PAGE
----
Why sys.exit() dose not shutdown python when there are backgroud threads?

import sys
import time
from threading import Thread


def run_forever():
    while True:
        time.sleep(1)
        print('running')


if __name__ == '__main__':
    t = Thread(target=run_forever)
    t.start()
    sys.exit()

It seems sys.exit can’t shutdown the program if I still have any background threads. In this case, how can I gracefully close this program (especially when I can’t see all the background threads)?

EDIT

I know it’s better to keep track of all the background threads. But in this use case I know it’s safe to kill them all at once. I just can’t find a way to simply close the program.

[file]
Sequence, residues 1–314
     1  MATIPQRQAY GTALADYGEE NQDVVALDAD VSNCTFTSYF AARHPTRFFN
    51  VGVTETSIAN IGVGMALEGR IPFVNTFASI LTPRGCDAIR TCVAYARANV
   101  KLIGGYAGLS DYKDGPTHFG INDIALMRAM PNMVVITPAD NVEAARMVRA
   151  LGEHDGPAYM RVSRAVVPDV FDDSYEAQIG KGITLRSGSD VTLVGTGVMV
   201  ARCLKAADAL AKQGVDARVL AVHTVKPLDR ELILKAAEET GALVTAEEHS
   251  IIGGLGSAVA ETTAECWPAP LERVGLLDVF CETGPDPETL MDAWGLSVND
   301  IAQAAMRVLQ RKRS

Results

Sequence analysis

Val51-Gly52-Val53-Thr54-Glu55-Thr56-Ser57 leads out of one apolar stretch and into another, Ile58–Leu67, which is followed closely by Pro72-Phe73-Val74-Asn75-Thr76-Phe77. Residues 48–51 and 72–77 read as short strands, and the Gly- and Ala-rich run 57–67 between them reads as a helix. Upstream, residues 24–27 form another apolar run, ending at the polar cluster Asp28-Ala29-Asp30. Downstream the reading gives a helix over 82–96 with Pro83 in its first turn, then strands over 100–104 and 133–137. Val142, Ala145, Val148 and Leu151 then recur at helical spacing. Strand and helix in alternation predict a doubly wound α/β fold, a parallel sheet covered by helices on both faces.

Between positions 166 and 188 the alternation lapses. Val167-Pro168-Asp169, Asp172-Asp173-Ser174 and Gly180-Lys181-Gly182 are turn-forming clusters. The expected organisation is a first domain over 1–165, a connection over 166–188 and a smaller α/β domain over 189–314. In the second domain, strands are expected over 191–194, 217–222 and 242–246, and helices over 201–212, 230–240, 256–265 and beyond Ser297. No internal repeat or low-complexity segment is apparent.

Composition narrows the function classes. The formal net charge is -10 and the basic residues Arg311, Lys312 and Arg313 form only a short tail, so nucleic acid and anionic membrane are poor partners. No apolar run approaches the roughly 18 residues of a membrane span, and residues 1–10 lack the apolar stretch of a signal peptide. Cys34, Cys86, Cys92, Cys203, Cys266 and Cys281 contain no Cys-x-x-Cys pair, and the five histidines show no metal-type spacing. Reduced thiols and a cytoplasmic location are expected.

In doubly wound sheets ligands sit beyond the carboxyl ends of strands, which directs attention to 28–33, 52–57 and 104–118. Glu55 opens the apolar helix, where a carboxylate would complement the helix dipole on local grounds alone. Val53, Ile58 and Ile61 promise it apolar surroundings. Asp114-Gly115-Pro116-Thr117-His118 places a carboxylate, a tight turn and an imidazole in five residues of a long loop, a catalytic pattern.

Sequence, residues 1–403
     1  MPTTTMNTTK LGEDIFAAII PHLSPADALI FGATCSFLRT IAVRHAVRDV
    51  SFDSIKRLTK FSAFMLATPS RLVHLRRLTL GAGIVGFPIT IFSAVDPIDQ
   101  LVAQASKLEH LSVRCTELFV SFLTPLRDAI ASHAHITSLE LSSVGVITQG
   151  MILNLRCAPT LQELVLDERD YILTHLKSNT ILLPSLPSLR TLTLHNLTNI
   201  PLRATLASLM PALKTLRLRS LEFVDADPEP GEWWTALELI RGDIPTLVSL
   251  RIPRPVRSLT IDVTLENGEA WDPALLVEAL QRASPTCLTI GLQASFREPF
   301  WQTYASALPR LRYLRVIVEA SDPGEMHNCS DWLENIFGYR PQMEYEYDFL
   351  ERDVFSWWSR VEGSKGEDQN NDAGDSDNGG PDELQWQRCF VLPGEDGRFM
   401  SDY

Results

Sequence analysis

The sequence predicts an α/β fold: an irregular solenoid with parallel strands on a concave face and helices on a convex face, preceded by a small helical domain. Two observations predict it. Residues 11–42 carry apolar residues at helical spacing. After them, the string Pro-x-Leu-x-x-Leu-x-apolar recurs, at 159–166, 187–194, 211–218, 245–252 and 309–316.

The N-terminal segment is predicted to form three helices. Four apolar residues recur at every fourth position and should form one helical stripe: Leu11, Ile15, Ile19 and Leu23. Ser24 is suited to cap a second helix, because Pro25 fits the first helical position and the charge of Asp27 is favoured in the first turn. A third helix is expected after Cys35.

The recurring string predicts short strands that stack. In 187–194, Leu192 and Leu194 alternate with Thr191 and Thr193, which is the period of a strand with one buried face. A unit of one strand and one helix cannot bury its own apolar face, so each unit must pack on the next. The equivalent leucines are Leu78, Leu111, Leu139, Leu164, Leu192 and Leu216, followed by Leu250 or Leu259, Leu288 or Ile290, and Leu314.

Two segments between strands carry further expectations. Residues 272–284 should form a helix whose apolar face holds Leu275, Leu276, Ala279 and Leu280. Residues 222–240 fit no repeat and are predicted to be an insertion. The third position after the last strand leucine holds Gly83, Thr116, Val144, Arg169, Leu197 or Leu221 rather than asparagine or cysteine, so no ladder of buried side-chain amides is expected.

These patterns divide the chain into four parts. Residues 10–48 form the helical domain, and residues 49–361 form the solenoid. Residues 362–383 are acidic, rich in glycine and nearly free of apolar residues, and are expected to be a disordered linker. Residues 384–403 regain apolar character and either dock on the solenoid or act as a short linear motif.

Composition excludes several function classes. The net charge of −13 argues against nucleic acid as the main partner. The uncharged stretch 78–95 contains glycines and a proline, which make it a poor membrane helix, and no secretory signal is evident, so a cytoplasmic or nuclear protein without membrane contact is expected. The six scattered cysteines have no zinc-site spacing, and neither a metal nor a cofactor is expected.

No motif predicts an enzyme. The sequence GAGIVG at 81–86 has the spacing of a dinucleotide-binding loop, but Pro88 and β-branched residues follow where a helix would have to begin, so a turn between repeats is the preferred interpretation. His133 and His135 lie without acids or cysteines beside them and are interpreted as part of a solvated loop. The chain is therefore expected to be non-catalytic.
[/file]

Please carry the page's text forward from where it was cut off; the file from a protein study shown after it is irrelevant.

Answer

There’s no real reason why this happens other than sys.exit is designed to only end the thread it is called from, as you’ve demonstrated here. There are two options that you can use to get the behavior you’re expecting.

  1. Use daemon threads. Daemon threads will exit if their parent exits. You can make your code use daemon threads like this:
if __name__ == '__main__':
    t = Thread(target=run_forever)
    t.daemon = True
    t.start()
    sys.exit()
  1. Use os._exit This will end your program similar to how I imagine you think sys.exit() behaves. This is more of a brute force method and is probably not a good idea, but is possible.

I would recommend using daemon threads unless you absolutely cannot. (i.e. you want to sometimes end just the main thread while the other continue, and sometimes end all of them at once.) More information on daemon threads: https://www.geeksforgeeks.org/python-daemon-threads/